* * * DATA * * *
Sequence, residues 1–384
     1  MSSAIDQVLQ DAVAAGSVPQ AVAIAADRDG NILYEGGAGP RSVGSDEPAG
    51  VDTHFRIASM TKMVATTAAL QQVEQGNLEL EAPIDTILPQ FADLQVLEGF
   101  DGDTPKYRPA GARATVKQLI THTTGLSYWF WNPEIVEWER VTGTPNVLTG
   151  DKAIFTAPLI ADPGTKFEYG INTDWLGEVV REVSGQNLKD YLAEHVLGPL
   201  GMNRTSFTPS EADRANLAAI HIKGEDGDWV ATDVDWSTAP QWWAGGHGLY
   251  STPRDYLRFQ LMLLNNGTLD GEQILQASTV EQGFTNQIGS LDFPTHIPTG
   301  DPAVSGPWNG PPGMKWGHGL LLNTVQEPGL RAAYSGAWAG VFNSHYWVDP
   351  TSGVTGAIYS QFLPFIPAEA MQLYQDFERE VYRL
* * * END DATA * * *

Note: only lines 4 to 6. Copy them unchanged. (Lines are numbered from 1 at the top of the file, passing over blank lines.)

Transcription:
   101  DGDTPKYRPA GARATVKQLI THTTGLSYWF WNPEIVEWER VTGTPNVLTG
   151  DKAIFTAPLI ADPGTKFEYG INTDWLGEVV REVSGQNLKD YLAEHVLGPL
   201  GMNRTSFTPS EADRANLAAI HIKGEDGDWV ATDVDWSTAP QWWAGGHGLY